Saturday, 25 January 2014

Long time waiting

We were never close enough to talk about the stress of not being able to conceive.

She never told anyone about the ache in her heart and arms, wanting to cuddle, love and look after a child of her own.

As a couple they never let the pressure show when her life, lifestyle, socio, economic, cultural background was continuously assessed.

We never discussed the agony of waiting to find out whether they had been approved, let alone the wait to find a child.

The financial pressures were and continue to remain unknown.

Not once, did they ever complain.

They never shared the story of the international flight to meet them for the first time.

They may have told immediate family and friends. But we, the extended family had no idea.  In our world, they were a childless couple, and then all of a sudden they were a family of four.

Years ago, my cousin and her husband adopted two children.  This blog is a tribute to this couple’s strength, endurance, commitment to each other and to creating a family.

We lucky ones wait nine months to meet our children. In Australia, five years is the typical wait time to for families who adopted a child from overseas in 2012–13. This has increased by 2 years since 2007–08.  The cost can be up to $40 000.*

Can you imagine? Waiting for years to have a child, then all of a sudden you have two?  What a responsibility, who do you cuddle first? How do you make both feel loved and secure at the same time?

Applicants have to meet the eligibility requirements set by the Australian State or Territory in which the application is being lodged, AND the eligibility criteria of the overseas country of the adoptive child.

Inter country adoption requires multiple assessments of the continued suitability of prospective parents*

How would you fare with the endless paperwork, the continued assessments, the wait?  Such a sterile, long process where you just have to keep it together and when you pass, imagine the relief, and then the new pressure of meeting and then caring for not one but two children?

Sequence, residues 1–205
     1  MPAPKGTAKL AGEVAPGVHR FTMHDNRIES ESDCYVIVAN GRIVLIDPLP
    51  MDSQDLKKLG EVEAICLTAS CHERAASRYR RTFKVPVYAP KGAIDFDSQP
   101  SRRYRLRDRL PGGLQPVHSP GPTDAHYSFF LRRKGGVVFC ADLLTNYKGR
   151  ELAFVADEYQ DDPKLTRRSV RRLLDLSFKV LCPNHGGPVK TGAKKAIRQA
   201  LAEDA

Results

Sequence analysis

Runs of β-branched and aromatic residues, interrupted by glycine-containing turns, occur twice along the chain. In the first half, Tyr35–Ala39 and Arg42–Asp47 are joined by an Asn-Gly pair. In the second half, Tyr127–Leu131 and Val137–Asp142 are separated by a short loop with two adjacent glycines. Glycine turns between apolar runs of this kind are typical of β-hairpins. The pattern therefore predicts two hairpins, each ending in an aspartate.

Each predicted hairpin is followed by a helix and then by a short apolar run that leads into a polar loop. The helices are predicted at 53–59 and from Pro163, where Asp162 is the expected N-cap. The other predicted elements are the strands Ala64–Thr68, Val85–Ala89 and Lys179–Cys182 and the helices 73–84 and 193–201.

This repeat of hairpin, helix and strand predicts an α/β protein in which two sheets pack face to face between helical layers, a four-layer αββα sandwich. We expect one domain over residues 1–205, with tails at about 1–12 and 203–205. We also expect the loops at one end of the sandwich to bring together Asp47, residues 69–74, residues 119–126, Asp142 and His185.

Parents to newborns remember the instant they laid their eyes on their baby.  Depending on the age of the child, adoptive parents have the additional pressure of ensuring their first meeting with their new child or children is welcoming, soft, loving but not so overwhelming for the child that it becomes frightening. What pressure, imagine trying to control your emotions after such a long journey?

That’s not where the story ends. Then there is the flight home, overcoming the jet lag, the settling in, the establishment of a family dynamic, importantly a safe haven for these children, a home.

Looking at photos and the very rare occasional international Skype session, I see a family that look incredibly happy and united.  Of course like any family or couple there will be the typical ups and downs. But what is important is that these children have a safe, warm and comfortable home. They have doting parents and an extended family that can’t wait to cuddle and tickle them when they next see them.

I expect this blog will come as a surprise to my cousin (if she read it, that is). But I have always wanted her (and of course her husband) to know she has a little fan club on this side of the world.

Is there anyone you secretly admire that you want outed?

Adoption Statistics for Australia and the UK.

  • In 2012 / 2013 there were 129 adoptions in Australia. 38% of those were Inter county adoptions *
  • In the UK, 5,206 adoptions were entered into the Adopted Children Register (ACR) following court orders made in England (4,835) and Wales (371) during 2012. This is an increase of 9.8% on the 4,740 adoptions entered in 2011.** NB Figures on the ACR include adoptions by relatives and step–parents as well as adoptions from care.

* Australian Institute of Health and Welfare. 2013
**BAAF Adoption and Fostering

This blog forms part of Lisa Lintern's blog a day challenge. Visit Melodramatic Me.

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